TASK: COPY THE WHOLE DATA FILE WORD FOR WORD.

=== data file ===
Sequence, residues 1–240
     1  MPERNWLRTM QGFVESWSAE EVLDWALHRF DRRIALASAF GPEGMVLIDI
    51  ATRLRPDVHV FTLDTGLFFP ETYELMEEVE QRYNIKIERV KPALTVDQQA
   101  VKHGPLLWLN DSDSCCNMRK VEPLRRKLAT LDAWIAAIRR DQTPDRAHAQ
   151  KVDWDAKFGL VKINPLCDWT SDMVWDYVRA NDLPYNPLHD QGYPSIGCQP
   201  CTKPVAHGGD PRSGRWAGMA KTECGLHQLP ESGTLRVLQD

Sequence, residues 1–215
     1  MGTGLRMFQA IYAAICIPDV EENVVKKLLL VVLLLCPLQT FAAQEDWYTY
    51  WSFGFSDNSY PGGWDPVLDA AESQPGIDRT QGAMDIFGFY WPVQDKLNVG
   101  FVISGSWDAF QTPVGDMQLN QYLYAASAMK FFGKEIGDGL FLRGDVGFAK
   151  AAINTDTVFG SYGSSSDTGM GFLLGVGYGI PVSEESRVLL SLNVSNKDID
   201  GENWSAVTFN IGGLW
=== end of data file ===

Sequence, residues 1–240
     1  MPERNWLRTM QGFVESWSAE EVLDWALHRF DRRIALASAF GPEGMVLIDI
    51  ATRLRPDVHV FTLDTGLFFP ETYELMEEVE QRYNIKIERV KPALTVDQQA
   101  VKHGPLLWLN DSDSCCNMRK VEPLRRKLAT LDAWIAAIRR DQTPDRAHAQ
   151  KVDWDAKFGL VKINPLCDWT SDMVWDYVRA NDLPYNPLHD QGYPSIGCQP
   201  CTKPVAHGGD PRSGRWAGMA KTECGLHQLP ESGTLRVLQD

Sequence, residues 1–215
     1  MGTGLRMFQA IYAAICIPDV EENVVKKLLL VVLLLCPLQT FAAQEDWYTY
    51  WSFGFSDNSY PGGWDPVLDA AESQPGIDRT QGAMDIFGFY WPVQDKLNVG
   101  FVISGSWDAF QTPVGDMQLN QYLYAASAMK FFGKEIGDGL FLRGDVGFAK
   151  AAINTDTVFG SYGSSSDTGM GFLLGVGYGI PVSEESRVLL SLNVSNKDID
   201  GENWSAVTFN IGGLW